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    Lincoln’s ‘True North’: A Guide for Relationships

    By Leslie Becker-Phelps, PhD

    True North

    Have you heard about the compass and “true north” analogy used in the movie Lincoln? I don’t know whether this can really be attributed to Lincoln or is the brainchild of someone in Hollywood, but it’s a stroke of genius. The president offers this analogy to U.S. Representative Thaddeus Stevens – one that applies well (if not perfectly) to personal relationships. Stevens, a staunch abolitionist, is put off by Lincoln’s less than firm stance in battling the issue of slavery. Lincoln responds by suggesting that Stevens consider the compass. It unfailingly points to “true north.” However, in doing so, it will direct you straight into swamps and other obstacles along the way. Then you’d be stuck; unable to get to your beloved goal. While Lincoln was referring to Stevens’ moral compass in the emancipation of slaves, a similar case can be made for dealing with personal relationships.

    When I treat couples, at least one partner will often be firm and goal-directed in their accusations of the other’s problems. They might even offer direct advice on how solve the problems they see. However, they don’t notice the “swamps” in this direct approach. They don’t realize that relationships thrive on care and nurturing; not a well-constructed and well-articulated position. For instance, a wife might state that her husband is self-centered and doesn’t help much with the kids. And she will detail many examples of this. In doing so, she fails to realize (or care) that her approach to getting her husband to share their parenting duties is bound to elicit a defensive and possibly angry response.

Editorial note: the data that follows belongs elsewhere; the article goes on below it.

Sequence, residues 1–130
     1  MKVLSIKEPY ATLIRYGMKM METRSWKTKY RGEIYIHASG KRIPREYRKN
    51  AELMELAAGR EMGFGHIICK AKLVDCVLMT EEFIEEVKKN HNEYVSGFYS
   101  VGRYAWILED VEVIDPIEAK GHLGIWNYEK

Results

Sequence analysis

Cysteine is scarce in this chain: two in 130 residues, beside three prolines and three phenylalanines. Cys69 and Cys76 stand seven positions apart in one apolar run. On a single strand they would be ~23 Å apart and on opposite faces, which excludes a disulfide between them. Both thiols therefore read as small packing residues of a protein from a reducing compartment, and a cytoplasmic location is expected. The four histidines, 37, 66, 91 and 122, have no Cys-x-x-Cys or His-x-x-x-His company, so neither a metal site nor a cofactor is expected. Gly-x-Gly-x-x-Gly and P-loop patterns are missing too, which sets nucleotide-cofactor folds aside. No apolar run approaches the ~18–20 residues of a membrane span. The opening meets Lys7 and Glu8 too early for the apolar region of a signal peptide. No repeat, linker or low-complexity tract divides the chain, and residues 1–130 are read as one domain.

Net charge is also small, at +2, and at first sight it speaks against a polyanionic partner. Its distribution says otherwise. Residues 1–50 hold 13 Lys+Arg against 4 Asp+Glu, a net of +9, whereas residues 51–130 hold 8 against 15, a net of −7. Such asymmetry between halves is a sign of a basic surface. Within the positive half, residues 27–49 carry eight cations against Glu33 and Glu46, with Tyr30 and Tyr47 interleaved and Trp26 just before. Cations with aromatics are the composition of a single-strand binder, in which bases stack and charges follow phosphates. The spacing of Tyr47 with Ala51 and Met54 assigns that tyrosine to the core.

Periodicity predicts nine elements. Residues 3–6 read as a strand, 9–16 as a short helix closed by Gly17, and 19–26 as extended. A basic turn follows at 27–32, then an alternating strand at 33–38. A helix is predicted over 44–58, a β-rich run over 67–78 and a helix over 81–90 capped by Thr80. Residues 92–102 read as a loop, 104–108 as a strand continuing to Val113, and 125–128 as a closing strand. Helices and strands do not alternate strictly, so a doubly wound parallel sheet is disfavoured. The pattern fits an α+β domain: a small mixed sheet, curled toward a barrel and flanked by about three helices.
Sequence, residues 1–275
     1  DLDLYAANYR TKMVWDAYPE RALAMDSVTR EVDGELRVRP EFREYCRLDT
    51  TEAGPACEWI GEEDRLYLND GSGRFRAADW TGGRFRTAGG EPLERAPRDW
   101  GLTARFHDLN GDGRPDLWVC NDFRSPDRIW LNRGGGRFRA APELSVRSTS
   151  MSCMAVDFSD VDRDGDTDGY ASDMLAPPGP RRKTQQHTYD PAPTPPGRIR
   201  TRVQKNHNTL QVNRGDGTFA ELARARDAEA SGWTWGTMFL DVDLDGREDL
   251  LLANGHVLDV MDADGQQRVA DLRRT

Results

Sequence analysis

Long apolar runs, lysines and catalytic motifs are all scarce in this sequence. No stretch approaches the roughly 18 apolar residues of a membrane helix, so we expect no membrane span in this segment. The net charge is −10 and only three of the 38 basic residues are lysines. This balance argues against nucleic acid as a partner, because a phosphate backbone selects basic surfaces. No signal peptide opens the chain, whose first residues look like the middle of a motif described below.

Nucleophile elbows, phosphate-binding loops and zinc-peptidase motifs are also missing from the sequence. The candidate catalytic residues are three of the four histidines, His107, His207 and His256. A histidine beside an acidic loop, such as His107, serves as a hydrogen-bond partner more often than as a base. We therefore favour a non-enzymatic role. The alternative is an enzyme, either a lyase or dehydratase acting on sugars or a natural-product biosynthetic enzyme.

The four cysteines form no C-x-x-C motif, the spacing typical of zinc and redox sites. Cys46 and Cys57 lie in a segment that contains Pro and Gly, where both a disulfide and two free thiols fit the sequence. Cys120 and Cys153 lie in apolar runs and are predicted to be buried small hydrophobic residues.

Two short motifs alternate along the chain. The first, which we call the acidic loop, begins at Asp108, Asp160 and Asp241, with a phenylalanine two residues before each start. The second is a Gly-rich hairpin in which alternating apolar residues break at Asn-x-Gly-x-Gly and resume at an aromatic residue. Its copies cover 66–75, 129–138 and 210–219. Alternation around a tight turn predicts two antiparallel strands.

Such animosity is not generally caused by disagreements between people; rather it is the result of the way those disagreements are expressed. Most problems can be worked through by first allying with the other person, seeing their perspective, and connecting with them through this shared vision. This approach helps to soften their rigid defenses, allowing for at least the consideration of your perspective – which you can now share to hopefully good effect. As part of this shift, they might come to agree with you, or look for common ground between you. At the very least, the two of you might find a respectful understanding of your unbridgeable differences. In our example, the wife might express understanding that her husband is tired from work and an ability to relate to wanting to just put his feet up. However, she could then explain that she feels similarly tired; and his relaxing when there is so much to be done makes her feel taken for granted. She might then open up a conversation about how they can both get in some relaxation while meeting the joint responsibility of caring for their children.

    Unlike in the movie, I’m not suggesting that you use deceit to accomplish your goal. In fact, if you want to maintain your friendship and emotional intimacy, then deceit is counterproductive. It’s not enough to drag someone to your desired destination. They might give lip service to what you want to hear, but in doing so, they also distance themselves from you (even if just emotionally). So, to maintain a relationship, you must reach the goal as a cooperative venture; if you are going to reach it at all… and this will often include a circuitous, rather than direct, route.

    Of course, you don’t need to agree on everything in a relationship. It may be that you don’t hold the same values; and don’t aspire to the same destination. If this is the case, then you need to assess whether sharing that particular goal is essential for your relationship to continue. More often than not, this is not the case. But, if it is, then at least you can agree to go separate ways while maintaining respect and caring for each other.

    If you would like to join a general discussion about this topic on the Relationships and Coping Community, click here.


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